Woman with ringing in her ears after taking this common medication.

You wake up in the morning, and there’s ringing in your ears. They were fine yesterday so that’s odd. So you begin thinking about likely causes: you haven’t been working in the shop (no power tools have been near your ears), you haven’t been listening to your music at an unreasonable volume (it’s all been very moderate lately). But you did have a headache yesterday, and you did take some aspirin before bed.

Could it be the aspirin?

And that prospect gets your mind working because maybe it is the aspirin. You feel like you recall hearing that certain medications can produce tinnitus symptoms. Is one of those medications aspirin? And does that mean you should stop using aspirin?

What’s The Link Between Tinnitus And Medications?

The long standing rumor has associated tinnitus symptoms with countless medications. But what is the reality behind these rumors?

It’s widely assumed that a large variety of medicines cause tinnitus or tinnitus-like symptoms. The truth is that there are a few types of medications that can cause tinnitus or tinnitus-like symptoms. So why does tinnitus have a reputation for being this ultra-common side effect? Well, there are a couple of hypotheses:

  • Starting a new medicine can be stressful. Or more often, it’s the root condition that you’re using the medication to manage that causes stress. And stress is a typical cause of (or exacerbator of) tinnitus symptoms. So in this case, the tinnitus symptoms aren’t being produced by the medication. It’s the stress of the entire experience, though the confusion between the two is somewhat understandable.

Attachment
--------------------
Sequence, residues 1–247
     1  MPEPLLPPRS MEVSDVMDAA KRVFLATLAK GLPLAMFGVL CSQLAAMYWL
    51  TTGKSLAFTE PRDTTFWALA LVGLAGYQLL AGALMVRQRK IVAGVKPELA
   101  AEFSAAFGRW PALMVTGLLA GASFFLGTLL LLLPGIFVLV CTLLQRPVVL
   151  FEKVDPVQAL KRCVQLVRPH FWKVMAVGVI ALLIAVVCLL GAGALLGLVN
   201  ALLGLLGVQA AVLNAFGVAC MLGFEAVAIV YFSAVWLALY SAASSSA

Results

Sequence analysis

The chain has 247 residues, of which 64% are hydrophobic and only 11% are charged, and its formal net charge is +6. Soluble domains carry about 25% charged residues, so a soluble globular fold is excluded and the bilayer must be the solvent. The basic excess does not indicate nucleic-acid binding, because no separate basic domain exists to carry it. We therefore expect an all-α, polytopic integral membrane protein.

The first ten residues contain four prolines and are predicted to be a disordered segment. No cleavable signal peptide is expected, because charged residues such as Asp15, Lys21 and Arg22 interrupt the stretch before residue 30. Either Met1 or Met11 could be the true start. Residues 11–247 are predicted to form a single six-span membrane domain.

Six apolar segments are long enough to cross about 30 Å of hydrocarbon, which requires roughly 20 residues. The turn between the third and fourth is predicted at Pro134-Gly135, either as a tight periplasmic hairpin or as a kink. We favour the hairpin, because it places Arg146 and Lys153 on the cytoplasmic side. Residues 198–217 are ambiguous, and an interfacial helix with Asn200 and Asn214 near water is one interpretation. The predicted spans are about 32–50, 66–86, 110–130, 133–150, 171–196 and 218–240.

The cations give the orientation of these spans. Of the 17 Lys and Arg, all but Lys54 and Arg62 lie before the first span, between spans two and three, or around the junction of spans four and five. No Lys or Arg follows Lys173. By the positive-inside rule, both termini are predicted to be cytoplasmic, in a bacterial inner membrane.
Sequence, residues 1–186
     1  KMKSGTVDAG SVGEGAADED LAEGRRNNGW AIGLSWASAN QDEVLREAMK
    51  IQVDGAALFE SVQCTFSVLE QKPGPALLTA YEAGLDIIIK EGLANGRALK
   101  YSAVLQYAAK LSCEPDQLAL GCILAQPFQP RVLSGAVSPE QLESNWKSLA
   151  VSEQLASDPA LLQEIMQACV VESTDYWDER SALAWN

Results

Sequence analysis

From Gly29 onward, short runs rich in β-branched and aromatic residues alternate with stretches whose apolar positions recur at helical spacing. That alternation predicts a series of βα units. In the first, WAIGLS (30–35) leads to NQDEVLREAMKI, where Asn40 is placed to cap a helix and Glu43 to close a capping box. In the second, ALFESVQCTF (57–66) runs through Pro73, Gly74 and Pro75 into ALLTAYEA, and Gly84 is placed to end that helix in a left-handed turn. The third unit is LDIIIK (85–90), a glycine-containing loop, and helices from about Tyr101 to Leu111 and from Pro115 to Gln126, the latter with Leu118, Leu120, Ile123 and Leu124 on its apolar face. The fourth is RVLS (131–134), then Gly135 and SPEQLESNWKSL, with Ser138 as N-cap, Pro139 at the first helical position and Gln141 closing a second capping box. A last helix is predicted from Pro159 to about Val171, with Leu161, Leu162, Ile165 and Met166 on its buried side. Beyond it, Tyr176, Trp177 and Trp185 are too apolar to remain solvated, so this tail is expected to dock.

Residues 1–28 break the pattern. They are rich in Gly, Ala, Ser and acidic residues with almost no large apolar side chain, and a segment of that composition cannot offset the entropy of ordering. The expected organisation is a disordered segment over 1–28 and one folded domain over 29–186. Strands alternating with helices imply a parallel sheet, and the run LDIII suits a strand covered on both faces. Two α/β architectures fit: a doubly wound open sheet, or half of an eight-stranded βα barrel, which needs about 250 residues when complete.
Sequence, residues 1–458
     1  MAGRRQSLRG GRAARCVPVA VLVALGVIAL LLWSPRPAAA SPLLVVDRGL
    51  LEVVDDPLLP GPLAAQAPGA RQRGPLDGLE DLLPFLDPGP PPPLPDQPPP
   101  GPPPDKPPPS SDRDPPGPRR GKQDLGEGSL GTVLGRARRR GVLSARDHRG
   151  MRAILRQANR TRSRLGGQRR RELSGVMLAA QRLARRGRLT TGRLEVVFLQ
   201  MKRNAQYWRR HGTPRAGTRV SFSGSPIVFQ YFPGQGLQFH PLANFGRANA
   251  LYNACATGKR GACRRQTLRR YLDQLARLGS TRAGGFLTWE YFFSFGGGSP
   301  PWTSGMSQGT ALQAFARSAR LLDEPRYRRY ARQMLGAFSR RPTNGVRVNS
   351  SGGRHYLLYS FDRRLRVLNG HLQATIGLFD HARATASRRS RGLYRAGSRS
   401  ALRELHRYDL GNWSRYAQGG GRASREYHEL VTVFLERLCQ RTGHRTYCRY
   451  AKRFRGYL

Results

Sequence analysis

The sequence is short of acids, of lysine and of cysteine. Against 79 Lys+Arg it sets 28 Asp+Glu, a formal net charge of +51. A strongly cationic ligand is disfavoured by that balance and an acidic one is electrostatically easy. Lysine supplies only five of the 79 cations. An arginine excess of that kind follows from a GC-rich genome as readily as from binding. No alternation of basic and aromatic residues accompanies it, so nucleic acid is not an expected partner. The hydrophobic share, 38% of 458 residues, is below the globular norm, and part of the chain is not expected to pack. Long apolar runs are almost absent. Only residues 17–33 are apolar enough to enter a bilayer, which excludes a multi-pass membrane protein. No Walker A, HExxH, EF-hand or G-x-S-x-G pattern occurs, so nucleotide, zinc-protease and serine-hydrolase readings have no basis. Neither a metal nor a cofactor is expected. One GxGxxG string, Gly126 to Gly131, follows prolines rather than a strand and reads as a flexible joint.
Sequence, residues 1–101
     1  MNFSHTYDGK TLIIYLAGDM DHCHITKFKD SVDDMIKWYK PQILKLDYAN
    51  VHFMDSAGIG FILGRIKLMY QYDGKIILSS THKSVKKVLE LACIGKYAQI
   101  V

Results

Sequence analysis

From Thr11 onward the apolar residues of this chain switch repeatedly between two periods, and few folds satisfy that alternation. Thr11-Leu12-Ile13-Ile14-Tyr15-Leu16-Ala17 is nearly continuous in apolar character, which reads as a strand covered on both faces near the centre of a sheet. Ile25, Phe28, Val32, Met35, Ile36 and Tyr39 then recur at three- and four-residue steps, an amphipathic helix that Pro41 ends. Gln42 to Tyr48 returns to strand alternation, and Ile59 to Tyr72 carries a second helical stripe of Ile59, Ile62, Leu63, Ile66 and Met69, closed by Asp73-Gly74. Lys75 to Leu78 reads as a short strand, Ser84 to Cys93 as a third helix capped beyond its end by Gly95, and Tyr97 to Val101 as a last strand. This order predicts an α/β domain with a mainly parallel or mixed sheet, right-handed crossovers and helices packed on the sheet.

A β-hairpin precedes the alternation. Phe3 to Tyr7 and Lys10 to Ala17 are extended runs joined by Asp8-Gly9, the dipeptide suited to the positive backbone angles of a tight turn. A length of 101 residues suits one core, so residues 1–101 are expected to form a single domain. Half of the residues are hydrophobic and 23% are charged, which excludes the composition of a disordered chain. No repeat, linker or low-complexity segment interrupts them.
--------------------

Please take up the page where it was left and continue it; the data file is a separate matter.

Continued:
• Many medications can affect your blood pressure, which also can affect tinnitus.
  • The affliction of tinnitus is fairly common. Chronic tinnitus is an issue for as many as 20 million people. When that many individuals cope with symptoms, it’s inevitable that there will be some coincidental timing that happens. Enough individuals will start using medicine around the same time that their unrelated tinnitus starts to act up. Because the timing is, coincidentally, so close, people make some inaccurate (but understandable) assumptions about cause-and-effect.

Which Medicines Can Trigger Tinnitus?

There are a few medicines that do have a well-founded (that is, scientifically proven) cause-and-effect connection with tinnitus.

The Connection Between Strong Antibiotics And Tinnitus

There are ototoxic (damaging to the ears) properties in a few antibiotics. These powerful antibiotics are usually only used in extreme cases and are known as aminoglycosides. High doses are known to produce damage to the ears (including some tinnitus symptoms), so such dosages are usually avoided.

Blood Pressure Medication

When you suffer from high blood pressure (or hypertension, as it’s known medically), your doctor might prescribe a diuretic. Some diuretics have been known to cause tinnitus-like symptoms, but normally at substantially higher doses than you may normally come across.

Aspirin Can Trigger Ringing in Your Ears

And, yes, the aspirin might have been what triggered your tinnitus. But here’s the thing: It still depends on dosage. Normally, high dosages are the real issue. Tinnitus symptoms normally won’t be produced by standard headache dosages. The good news is, in most situations, when you stop using the huge doses of aspirin, the tinnitus symptoms will dissipate.

Check With Your Doctor

There are a few other medicines that might be capable of causing tinnitus. And there are also some unusual medicine combinations and interactions that may produce tinnitus-like symptoms. So consulting your doctor about any medication side effects is the best strategy.

You should also get examined if you start noticing tinnitus symptoms. Maybe it’s the medication, and maybe it’s not. Often, hearing loss is present when tinnitus symptoms develop, and treatments like hearing aids can help.

Call Today to Set Up an Appointment

The site information is for educational and informational purposes only and does not constitute medical advice. To receive personalized advice or treatment, schedule an appointment.